In partnership with IDRE’s Visualization and Modeling expert Lisa Synder, Drucker is championing the creation of an Integrated Research Infrastructure and Support Network (IRIS) at UCLA. Designed to support faculty and staff research, IRIS is a unified network of physical spaces, technical infrastructure and digital services.
Synder and Drucker got the idea for IRIS when they noticed that faculty members across a wide range of departments had similar research needs, yet there was no cohesive, efficient system to help them find the necessary expertise, resources and support. IRIS seeks to help faculty and staff quickly identify where expertise is located, what resources are available on campus, and how to get consultation for particular projects. If implemented, IRIS can significantly reduce redundancy, cut technical equipment costs, foster interdisciplinary collaboration and optimize knowledge exchange.
Drucker uses a simple, yet effective analogy to explain why the university needs an integrated research network. “You can put a scientist in a car and get them to the opera. You can put a historian in a car and get them to the beach. The structure of the problem is the same! Who the person is and where they want to go might be different, but they both need transportation.” Drucker acknowledges that this analogy is not universally true; certain researchers may have distinctive needs and preferences. “Some people want four-wheel drive or a big wheeler. There are people whose technical needs are different in scale or in kind. They either have massive computational needs or massive storage needs. But other than that, we all pretty much need the same things: an integrated research environment with virtual server space, sandboxes, strong security, and the ability to make research public,” said Drucker.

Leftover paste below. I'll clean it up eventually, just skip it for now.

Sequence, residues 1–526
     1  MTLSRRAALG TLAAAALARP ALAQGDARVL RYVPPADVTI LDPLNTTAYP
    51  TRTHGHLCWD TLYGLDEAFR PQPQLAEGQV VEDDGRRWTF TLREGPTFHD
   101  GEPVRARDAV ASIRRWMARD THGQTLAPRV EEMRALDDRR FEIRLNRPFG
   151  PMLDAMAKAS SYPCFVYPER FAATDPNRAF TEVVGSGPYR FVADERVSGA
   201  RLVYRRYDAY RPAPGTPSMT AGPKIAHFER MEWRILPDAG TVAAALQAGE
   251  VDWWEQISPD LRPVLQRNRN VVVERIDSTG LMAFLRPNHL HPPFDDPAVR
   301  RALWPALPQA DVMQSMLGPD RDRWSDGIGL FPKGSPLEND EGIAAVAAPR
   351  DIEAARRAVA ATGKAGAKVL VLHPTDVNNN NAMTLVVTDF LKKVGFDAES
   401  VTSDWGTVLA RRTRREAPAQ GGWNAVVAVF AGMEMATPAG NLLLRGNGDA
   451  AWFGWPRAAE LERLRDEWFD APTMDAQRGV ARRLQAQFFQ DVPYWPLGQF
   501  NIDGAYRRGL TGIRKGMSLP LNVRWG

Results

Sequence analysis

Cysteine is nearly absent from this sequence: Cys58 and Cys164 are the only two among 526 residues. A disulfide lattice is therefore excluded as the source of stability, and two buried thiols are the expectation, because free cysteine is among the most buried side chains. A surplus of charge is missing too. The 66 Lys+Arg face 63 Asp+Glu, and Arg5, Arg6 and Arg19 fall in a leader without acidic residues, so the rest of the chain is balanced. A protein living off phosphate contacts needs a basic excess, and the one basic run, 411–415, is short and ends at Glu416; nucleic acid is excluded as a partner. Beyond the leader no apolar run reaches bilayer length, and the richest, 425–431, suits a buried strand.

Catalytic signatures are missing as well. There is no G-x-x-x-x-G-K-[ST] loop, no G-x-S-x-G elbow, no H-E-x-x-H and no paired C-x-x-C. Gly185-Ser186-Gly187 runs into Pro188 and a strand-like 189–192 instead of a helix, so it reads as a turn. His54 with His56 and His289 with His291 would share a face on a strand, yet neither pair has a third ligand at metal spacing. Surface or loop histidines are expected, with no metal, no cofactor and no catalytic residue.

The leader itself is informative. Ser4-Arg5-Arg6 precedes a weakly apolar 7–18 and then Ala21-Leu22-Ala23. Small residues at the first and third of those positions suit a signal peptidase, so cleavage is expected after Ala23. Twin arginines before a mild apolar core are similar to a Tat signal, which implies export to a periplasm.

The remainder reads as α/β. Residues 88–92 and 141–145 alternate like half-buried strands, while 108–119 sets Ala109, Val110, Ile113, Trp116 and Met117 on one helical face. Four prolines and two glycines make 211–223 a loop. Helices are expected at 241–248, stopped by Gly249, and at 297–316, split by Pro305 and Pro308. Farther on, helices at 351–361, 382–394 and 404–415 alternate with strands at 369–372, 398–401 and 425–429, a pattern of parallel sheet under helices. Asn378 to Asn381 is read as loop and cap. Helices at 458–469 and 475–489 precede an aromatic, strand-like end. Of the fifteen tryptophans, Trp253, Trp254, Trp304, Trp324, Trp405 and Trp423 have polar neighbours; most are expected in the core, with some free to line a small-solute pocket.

A Deeply Fulfilling Career
With her ambitious research endeavors, artistry, scholarly publications, and efforts to build up UCLA’s research infrastructure, Drucker has certainly made a name for herself. When asked to describe her proudest accomplishment, Drucker humbly responds that she feels honored just to be in a position she enjoys and to be able to collaborate with talented undergrads on a daily basis. “I feel so privileged to work with the kind of students I get to work with. I consider that to be a great gift in my life – that I get to engage with these wonderful, young, bright, interesting human beings.” she explained. “Being a teacher/mentor is interesting. Your main role is just to help students realize their full potential, and sometimes just the smallest thing is all they need. Often a student is sitting in my office, and all he or she needs to hear from me is, ‘Yes. You can do that.’ That’s all that’s necessary – recognition and affirmation. The true accomplishment for me is to be in a position I love with people I respect.”